Permission to Dream

There are days where you want to be someone entirely different, or at least pretend to be that someone.

For me when I think about the jump into my own “Imagination Station” I think of some of my favorite Superheroes, like Iron Man, Wolverine, Spiderman, and Batman – I could probably spend a few hours sharing with you the reasons why but that would bore most of you and many of you would most likely unsubscribe so I’ll spare you that bit.

But I’ll admit that I still would very much like to be one of those if I could – and I’d definitely wouldn’t mind the Bruce’ or Stark’ wealth…!

I can dream, can’t I?

Yet it’s precisely that which many people are unable to do: Dream. They have disabled themselves (or allowed other to disable them) so that they can no longer dream big dreams for themselves, their organizations, their families, and more. They are married to the present reality and do not give their brains (or their hearts) the ability to believe in something different.

Is there any wonder why so many people are “stuck” in their current roles in their current jobs? They are talented and gifted individuals but who aren’t being leveraged completely or fully – there’s no joy in the work either. Whatever the circumstance their ability to dream has been beaten out of them.

I’ve coached many people who did not know how to dream and the result wasn’t as much about their organizations, their teams, or moving one step closer to their goals but rather giving them permission to dream again – giving them the opportunity to think a bit differently about their present reality and see something altogether better.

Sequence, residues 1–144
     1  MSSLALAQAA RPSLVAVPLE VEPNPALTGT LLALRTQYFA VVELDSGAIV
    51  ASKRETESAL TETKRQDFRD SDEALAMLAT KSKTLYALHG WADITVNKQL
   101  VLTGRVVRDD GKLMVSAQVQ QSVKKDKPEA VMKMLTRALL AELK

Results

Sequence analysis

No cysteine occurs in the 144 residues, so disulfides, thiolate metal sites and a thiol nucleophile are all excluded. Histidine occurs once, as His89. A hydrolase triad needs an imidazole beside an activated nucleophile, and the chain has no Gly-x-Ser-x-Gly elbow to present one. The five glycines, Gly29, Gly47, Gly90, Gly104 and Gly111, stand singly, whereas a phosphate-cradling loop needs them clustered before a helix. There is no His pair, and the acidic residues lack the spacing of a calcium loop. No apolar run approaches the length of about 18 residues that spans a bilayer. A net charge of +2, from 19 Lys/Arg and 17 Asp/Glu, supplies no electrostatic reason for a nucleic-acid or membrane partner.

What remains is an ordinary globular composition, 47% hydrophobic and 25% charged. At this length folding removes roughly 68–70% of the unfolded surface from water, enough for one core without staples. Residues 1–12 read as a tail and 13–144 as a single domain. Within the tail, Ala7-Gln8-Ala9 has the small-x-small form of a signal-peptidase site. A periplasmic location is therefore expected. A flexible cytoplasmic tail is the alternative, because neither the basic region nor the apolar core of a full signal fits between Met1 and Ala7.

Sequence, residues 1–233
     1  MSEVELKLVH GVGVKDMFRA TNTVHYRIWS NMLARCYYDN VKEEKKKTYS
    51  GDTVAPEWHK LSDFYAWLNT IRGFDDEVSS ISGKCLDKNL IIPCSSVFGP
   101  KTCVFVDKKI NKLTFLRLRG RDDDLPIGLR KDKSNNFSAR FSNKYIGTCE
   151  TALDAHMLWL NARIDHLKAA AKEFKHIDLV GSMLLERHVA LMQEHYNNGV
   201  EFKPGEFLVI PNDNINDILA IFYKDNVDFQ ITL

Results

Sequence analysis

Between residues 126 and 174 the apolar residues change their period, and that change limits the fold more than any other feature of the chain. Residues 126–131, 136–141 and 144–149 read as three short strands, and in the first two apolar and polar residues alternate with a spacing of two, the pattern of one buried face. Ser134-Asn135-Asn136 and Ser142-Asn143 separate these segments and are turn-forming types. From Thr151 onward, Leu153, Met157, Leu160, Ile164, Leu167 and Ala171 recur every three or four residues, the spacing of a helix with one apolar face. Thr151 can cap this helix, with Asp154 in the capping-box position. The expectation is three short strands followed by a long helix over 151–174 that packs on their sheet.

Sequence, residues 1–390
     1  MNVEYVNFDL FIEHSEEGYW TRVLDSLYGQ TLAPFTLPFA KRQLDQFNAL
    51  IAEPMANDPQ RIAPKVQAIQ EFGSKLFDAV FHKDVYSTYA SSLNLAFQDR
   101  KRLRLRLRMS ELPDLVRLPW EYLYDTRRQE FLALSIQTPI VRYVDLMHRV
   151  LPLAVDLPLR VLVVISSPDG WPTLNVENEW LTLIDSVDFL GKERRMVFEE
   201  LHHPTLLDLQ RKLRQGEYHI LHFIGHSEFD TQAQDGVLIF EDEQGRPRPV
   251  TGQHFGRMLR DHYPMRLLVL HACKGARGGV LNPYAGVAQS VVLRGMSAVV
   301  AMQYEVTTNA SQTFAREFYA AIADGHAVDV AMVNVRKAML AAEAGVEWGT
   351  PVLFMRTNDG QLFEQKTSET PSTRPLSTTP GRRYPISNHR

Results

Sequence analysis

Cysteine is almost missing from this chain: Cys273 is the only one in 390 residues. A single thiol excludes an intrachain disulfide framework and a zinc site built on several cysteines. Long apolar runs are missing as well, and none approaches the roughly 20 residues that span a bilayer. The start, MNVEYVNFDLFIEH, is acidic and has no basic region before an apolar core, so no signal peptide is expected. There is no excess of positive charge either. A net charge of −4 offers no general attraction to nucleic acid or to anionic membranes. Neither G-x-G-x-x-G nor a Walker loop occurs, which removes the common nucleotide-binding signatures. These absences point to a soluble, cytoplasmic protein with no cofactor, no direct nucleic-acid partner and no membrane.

Good coaches, mentors, and leaders help their teams and those they lead dream – dream for themselves a bit, even if it’s a collective dream. They help curate, grow, and bolster these dreams, guard them closely, and with loving care guide the execution toward them.

Sadly, I know of very few leaders who can do this well. They either force their own dream’s upon their followers or deny their follower’s the opportunity to ever follow their own hearts.

I hope you’re not one of those leaders – and I promise never to be one myself.

Give yourself and others the permission to dream. You’ll find greater loyalty, greater productivity, and greater effectiveness to be the bottom-line results.

Thanks to The Dainty Squid for the images and (random) inspiration!

  • Daniel Berman

    There is a classic question, what would you do if money was no object?

    I have tried to answer it at so many different times, in a number of different ways. I even wrote out a bucket list of over 75 things I want to accomplish before I die. Inevitably reality crashes in a little to soon.

    I am one of those incredibly gifted people that my employer has come to depend on. The blessing and what feels like a curse is that I have so many interests in so many different places that **focus** and settling in on one direction for a lifetime vocation is a huge challenge.

    How do you avoid the “squirell!” and the fear in the pit of your stomach, what if I get bored out my mind when I actually pull this venture off? Or what if I fail, and blow whatever savings we already had?

    • John Saddington

      is it your employer’s fault or your fault that the dependence is so necessary?